Hand Putting A Coin Into Piggy Bank In Front Of Blackboard Showing Graph


Monday the S&P 500 finally topped its previous high. Yesterday, it added another .7 percent to 2152. It has been a tumultuous fourteen months since the prior high of May 21, 2015. This large cap index dropped over 12 percent to its August low, rose over 12 percent to a lower high on November 3rd, and fell 13 percent to its closing low on February 11, 2016.

The US largest 500 companies’ stock index is now over 17 percent higher than the February low. It is now obvious that the Brexit sell-off two weeks ago was a blip on the radar screen.

Now some people with all cash or fixed income investments will buy stocks at a new high point. Others will sell investments out of fear that the market is too high. Neither are great strategies, but investing sometime has always been better than never, given an intermediate to longer term period of time.

Indexes and individual stocks will always fall and rise, just as do the prices of bonds and other fixed income investments. One way to invest is to take advantage of the inevitable trends as they give opportunity. What if this is an intermediate top for stocks? What if the next major trend is downward again?

Shorting is a means of making profits when investments drop in price. In essence, one can act on a belief that a position will drop in price and then gain on that prediction if he or she is correct. Let me give you an example.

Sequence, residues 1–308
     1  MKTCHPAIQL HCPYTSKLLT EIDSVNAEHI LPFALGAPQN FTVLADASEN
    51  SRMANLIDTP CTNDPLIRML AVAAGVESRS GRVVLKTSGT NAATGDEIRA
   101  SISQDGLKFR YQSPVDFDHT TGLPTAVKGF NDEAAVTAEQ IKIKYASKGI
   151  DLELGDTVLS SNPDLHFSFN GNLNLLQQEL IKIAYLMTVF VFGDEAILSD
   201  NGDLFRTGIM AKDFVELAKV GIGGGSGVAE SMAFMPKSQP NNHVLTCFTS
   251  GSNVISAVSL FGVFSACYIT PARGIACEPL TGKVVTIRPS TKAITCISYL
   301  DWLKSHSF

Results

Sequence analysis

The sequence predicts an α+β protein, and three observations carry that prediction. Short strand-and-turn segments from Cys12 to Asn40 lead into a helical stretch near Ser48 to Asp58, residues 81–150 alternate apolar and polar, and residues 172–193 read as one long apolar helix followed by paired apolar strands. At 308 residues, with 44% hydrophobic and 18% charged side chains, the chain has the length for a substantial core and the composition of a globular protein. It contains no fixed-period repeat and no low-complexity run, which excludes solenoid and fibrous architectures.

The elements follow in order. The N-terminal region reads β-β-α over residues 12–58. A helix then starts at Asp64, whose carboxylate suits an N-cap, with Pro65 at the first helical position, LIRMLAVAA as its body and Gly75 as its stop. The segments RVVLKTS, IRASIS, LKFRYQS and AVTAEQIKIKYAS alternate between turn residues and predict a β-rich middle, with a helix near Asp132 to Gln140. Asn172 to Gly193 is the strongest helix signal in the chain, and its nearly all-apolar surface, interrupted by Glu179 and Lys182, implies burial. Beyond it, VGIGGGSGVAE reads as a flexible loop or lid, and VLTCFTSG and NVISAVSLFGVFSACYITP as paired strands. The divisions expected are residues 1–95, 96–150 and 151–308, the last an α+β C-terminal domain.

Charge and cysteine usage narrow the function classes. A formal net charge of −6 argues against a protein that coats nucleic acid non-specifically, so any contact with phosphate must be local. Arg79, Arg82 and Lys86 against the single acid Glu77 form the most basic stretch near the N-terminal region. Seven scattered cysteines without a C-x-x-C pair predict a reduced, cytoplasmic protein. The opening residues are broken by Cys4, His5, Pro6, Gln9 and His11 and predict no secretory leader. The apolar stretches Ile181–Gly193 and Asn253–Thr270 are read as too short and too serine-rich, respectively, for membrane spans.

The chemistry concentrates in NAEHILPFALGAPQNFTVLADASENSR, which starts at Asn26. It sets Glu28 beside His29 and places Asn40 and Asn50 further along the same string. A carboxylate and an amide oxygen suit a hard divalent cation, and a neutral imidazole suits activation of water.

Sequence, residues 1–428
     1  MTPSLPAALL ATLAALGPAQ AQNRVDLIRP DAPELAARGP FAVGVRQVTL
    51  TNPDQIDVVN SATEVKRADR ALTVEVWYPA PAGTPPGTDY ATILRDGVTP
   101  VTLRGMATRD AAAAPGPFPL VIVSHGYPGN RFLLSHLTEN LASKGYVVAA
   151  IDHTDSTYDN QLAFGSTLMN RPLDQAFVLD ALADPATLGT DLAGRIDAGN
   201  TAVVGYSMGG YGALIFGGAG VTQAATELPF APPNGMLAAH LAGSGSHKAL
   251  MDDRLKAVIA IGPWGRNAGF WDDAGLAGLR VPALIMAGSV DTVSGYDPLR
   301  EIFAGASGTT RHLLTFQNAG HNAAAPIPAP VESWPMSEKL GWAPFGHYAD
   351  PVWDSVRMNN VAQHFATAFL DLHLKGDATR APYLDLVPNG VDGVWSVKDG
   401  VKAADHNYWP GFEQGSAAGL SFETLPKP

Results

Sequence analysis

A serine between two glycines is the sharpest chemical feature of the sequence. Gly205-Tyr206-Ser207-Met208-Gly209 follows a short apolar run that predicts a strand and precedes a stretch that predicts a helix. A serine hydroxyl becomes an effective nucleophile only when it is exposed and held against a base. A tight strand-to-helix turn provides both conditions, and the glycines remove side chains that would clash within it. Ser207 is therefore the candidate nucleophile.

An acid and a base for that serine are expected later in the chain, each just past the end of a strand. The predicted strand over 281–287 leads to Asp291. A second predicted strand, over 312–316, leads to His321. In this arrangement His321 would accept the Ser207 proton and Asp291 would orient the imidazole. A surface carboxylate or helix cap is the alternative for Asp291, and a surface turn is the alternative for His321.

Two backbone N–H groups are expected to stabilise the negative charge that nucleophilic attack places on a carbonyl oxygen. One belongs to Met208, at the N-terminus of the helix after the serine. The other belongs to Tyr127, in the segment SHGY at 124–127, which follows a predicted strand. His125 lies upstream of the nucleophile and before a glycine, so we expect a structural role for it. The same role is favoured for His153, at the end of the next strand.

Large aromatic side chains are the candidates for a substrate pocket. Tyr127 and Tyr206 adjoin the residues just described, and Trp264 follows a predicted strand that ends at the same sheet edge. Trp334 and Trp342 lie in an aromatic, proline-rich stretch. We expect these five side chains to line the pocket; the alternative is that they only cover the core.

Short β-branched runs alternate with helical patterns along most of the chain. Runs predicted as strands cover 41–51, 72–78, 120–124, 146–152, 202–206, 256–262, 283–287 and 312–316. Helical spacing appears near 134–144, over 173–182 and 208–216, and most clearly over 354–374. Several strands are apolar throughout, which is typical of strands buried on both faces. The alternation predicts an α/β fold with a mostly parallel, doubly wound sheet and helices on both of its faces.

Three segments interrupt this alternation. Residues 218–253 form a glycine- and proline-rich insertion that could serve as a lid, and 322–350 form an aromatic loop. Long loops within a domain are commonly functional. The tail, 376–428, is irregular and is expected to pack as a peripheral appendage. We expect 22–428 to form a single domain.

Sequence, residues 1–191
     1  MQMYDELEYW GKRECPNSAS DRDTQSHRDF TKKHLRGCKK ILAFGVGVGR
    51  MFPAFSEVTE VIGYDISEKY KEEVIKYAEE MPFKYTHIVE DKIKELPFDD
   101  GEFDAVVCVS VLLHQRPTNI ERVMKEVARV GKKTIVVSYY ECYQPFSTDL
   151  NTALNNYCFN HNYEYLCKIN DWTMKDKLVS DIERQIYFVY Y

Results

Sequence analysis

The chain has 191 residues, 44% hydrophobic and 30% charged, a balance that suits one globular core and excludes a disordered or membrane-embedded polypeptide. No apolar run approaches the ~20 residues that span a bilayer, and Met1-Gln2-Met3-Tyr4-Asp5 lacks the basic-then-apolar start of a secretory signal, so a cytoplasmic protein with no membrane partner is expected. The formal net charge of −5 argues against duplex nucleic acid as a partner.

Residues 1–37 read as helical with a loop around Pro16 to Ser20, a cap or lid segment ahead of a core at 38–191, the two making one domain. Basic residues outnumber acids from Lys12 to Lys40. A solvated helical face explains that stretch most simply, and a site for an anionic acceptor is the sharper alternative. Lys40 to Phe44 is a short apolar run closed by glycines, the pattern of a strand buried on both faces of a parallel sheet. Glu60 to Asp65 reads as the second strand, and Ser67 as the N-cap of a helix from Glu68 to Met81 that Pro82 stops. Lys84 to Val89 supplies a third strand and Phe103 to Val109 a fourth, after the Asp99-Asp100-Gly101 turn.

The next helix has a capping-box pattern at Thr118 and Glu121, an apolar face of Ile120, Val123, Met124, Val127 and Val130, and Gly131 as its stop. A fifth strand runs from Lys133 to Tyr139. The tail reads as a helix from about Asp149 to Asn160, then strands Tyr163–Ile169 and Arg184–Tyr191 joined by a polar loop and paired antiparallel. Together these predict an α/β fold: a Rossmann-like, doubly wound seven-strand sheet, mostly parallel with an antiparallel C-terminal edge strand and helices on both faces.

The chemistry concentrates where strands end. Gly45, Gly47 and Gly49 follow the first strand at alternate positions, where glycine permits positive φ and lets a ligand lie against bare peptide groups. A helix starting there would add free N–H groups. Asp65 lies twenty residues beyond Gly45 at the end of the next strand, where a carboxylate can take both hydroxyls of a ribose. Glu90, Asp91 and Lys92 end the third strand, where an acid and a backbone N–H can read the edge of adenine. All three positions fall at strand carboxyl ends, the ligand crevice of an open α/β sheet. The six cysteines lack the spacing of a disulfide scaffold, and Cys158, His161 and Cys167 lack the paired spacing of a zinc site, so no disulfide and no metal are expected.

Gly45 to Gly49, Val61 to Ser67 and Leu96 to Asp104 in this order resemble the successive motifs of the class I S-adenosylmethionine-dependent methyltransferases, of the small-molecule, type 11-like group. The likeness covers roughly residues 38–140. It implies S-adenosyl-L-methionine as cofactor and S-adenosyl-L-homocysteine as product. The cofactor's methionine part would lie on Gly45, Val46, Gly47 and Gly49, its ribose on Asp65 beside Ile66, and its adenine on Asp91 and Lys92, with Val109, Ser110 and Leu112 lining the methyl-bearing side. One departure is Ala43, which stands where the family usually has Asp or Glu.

Last fall the S&P 500 hit a temporary rebound high on November 3rd at 2109. Lower high points occurred on December 1st and again on December 29th. So a downtrend was in place. If one had bought a fund such as Rydex Inverse S&P 500 Strategy Fund (RYUHX) on December 31st, he would have earned a 10 percent profit to the bottom on February 11th.

I am not recommending that anyone try this at home, but you should understand that this protective type of investing is available nowadays and not just to the hedge fund billionaires of the world. There are many different styles and strategies of investing, but the simplest rule is to save and keep on saving throughout one’s lifetime. If you don’t save, it will never matter how much your return!

(Past performance is no guarantee of future results. Advice is intended to be general in nature. Statistics from Worden Brothers, Inc., TC2000, 201